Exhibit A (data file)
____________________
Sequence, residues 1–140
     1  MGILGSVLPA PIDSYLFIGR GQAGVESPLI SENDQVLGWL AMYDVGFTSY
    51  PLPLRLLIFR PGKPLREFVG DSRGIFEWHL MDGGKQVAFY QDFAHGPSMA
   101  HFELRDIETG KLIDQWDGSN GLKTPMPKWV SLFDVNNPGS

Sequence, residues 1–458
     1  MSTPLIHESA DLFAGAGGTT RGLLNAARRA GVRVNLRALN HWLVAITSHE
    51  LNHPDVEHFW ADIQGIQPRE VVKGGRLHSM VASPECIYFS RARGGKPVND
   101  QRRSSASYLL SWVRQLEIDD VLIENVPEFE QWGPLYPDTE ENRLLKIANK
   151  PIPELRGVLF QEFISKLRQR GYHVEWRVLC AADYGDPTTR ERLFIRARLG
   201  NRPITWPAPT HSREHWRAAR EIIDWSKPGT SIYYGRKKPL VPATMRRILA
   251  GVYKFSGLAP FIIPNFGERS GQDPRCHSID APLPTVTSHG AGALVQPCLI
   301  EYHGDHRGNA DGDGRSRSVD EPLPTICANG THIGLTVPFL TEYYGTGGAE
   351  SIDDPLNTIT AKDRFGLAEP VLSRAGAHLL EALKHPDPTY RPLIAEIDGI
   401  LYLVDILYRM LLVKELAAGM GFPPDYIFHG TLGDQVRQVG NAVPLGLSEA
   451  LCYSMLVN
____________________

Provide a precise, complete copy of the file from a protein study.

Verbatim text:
Sequence, residues 1–140
     1  MGILGSVLPA PIDSYLFIGR GQAGVESPLI SENDQVLGWL AMYDVGFTSY
    51  PLPLRLLIFR PGKPLREFVG DSRGIFEWHL MDGGKQVAFY QDFAHGPSMA
   101  HFELRDIETG KLIDQWDGSN GLKTPMPKWV SLFDVNNPGS

Sequence, residues 1–458
     1  MSTPLIHESA DLFAGAGGTT RGLLNAARRA GVRVNLRALN HWLVAITSHE
    51  LNHPDVEHFW ADIQGIQPRE VVKGGRLHSM VASPECIYFS RARGGKPVND
   101  QRRSSASYLL SWVRQLEIDD VLIENVPEFE QWGPLYPDTE ENRLLKIANK
   151  PIPELRGVLF QEFISKLRQR GYHVEWRVLC AADYGDPTTR ERLFIRARLG
   201  NRPITWPAPT HSREHWRAAR EIIDWSKPGT SIYYGRKKPL VPATMRRILA
   251  GVYKFSGLAP FIIPNFGERS GQDPRCHSID APLPTVTSHG AGALVQPCLI
   301  EYHGDHRGNA DGDGRSRSVD EPLPTICANG THIGLTVPFL TEYYGTGGAE
   351  SIDDPLNTIT AKDRFGLAEP VLSRAGAHLL EALKHPDPTY RPLIAEIDGI
   401  LYLVDILYRM LLVKELAAGM GFPPDYIFHG TLGDQVRQVG NAVPLGLSEA
   451  LCYSMLVN